Great Crested Grebe in non-breeding plumage at Staines Reservoirs.
UPDATE: here's another image of that Greater Scaup, out of the water
and showing its unusually grey flanks to good effect. Probably an adult
female, but eye colour indeterminate from these distant record shots.

Sunday, 7 November 2010

Eyes to the skies

Common Buzzard over South Ockendon this morning.
What started out as yet another effort to locate Grey Partridge in the London Area today turned into a very enjoyable morning’s visible migration watch and exploration of a rarely visited site near South Ockendon. I was in good company with Dave Morrison, who knows the area well.


A few of the thousands of Woodpigeons streaming south-west.
 Early on in the morning it became clear that, with a cloudless sky, low temperatures and a north-westerly wind, ‘vis migging’ was where the main action was going to be. Our eyes were on the skies more than the ground, and the totals were as follows: 11 Gadwall, 31 Red-legged Partridge (in coveys of 21 and 12), two Little Egrets, a Common Buzzard, 143 Northern Lapwing, one Common Snipe, 2,580 Woodpigeon (mostly flying south-west), nine Stock Dove, five Ring-necked Parakeet, a single Woodlark (bird of the day!), 52 Skylarks, four Song Thrush, 25 Redwing, 121 Fieldfare, 44 Chaffinch, one Brambling, 15 Goldfinch, three Siskins, 10 Lesser Redpoll (including a flock eight with two Siskins), five Reed Buntings and a single Yellowhammer (plus one very well-seen Fox).

You will have noted from the above that no Grey Partridges were found. I went on afterwards to Orsett Fen and notched up a further 81 Red-legs, as well as 200+ Stock Doves and 1,000+ Woodpigeons (all on the deck), but again no Grey Partridges. The more these searches draw a blank, the more convinced I am that the species no longer exists in the wild in our area, and that the very few birds seen from time to time are either releases for shooting or their offspring.

Common Teal - one day surely a Rainham Green-winged is on the cards.
Plenty of European Golden Plovers and Northern Lapwings today.
 I spent the last couple of hours at a rather quiet Rainham Marshes RSPB. The car park was almost full but so was the cafĂ©, leaving the reserve to just me and a handful of others. Best of the bunch were four showy Bearded Tits at the dragonfly pool, but on the circular walk I also noted five Northern Pintail, good numbers of Eurasian Wigeon and Common Teal, two Little Egrets, Water Rail, 127 European Golden Plover, 300+ Northern Lapwings, three Common Snipe, three Cetti’s Warblers and a Goldcrest (a site rarity this year) in the woodland.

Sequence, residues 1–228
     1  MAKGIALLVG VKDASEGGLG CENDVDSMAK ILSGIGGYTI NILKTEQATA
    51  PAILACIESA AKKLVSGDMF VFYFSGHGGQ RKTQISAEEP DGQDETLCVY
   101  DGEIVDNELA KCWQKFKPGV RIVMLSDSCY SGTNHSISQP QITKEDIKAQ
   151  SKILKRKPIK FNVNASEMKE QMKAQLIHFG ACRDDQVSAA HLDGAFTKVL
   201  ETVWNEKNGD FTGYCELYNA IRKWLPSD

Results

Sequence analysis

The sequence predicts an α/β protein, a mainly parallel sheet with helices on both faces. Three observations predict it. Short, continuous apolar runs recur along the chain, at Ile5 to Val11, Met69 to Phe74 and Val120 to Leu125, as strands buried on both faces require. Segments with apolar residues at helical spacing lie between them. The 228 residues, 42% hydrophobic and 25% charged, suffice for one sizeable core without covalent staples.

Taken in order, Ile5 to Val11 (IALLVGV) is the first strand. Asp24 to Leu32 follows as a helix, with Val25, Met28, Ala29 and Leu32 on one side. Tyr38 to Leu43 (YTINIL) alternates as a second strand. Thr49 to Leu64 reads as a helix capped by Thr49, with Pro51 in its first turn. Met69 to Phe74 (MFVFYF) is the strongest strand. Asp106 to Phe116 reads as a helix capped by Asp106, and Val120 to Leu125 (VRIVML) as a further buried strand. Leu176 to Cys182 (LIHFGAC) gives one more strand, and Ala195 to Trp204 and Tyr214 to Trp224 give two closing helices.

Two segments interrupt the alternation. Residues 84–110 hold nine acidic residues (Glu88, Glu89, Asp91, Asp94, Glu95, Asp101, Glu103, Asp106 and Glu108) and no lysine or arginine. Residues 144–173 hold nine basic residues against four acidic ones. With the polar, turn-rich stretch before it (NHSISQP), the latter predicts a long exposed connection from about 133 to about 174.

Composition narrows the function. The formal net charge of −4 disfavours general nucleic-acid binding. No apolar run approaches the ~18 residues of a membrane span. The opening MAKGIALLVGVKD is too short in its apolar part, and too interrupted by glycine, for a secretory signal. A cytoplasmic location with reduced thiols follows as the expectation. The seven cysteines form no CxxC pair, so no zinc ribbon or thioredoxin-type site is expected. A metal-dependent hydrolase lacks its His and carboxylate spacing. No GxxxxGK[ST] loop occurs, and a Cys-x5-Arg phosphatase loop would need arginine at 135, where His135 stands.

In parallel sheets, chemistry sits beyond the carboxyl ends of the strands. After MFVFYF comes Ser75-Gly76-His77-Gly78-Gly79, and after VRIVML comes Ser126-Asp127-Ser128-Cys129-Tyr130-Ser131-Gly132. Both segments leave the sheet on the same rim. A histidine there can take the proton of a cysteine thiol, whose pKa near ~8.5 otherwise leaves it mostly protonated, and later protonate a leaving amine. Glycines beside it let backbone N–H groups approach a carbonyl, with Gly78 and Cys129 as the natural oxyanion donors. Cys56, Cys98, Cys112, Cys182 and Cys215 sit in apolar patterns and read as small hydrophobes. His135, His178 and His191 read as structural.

Star billing at Rainham went to this very confiding Bearded Tit.

Friday, 5 November 2010

Catching up

Pink-footed Geese on the move over Longniddry, East Lothian.
It’s been a busy fortnight post-Azores, starting first with a week in Scotland with the family for half term. Based at my dad’s in central Edinburgh but with little time to spare for birding on this occasion, I’d hoped for at least a chance Waxwing or two. No such luck, but a pair of Dippers along the Water of Leith near Stockbridge – the male unusually singing strongly in late October – was a decent consolation prize.

A brief foray east along the Firth of Forth again failed to connect with Waxwings, but this being coastal Lothian, there are always birds of interest. Between Longniddry and Cockenzie these included numerous Common Eider, several Velvet and a single Common Scoter, eight European Shags, a Common Guillemot drifting by close inshore, three Bar-tailed Godwits and a single Eurasian Curlew, and visible migration in the form of westbound flocks of 30 Siskins, 400+ European Golden Plover and at least 500 Pink-footed Geese (above).

Back to London last weekend for a hectic week passing the December issue of Birdwatch for press. Monday started well with an unexpected visit to Alexandra Park on the way to the office, after David Callahan found a Yellow-browed Warbler in with a Long-tailed Tit flock. It’s only a two-minute detour but it took a full hour to catch up with the bird, which eventually showed well near the Conservation Pond. With Firecrest, Siskin and Linnet also noted, it’s the kind of journey to work I could do with more often.

The week ended as it began, with another good local bird when I picked up a Brambling from the office window flying into the park. It dropped into the top of a distant sycamore and everyone managed a glimpse before it departed; my first locally this year (Ian subsequently saw another one or two among other finches – Chaffinches have been on the move past our window all week). Having passed the issue on time (well done to all the team) I was home earlier than expected and finally had time to watch Twitchers: a Very British Obsession in full. Hmm … a disappointment to say the least, but it's too late to get started on that now.

London year-list update:
203. Yellow-browed Warbler.

Alexandra Park patchlist 2010 update:
82. Black-necked Grebe. [seen on 19 September, but update previously omitted from blog]
83. Yellow-browed Warbler.
84. Firecrest.
85. Linnet.
86. Brambling.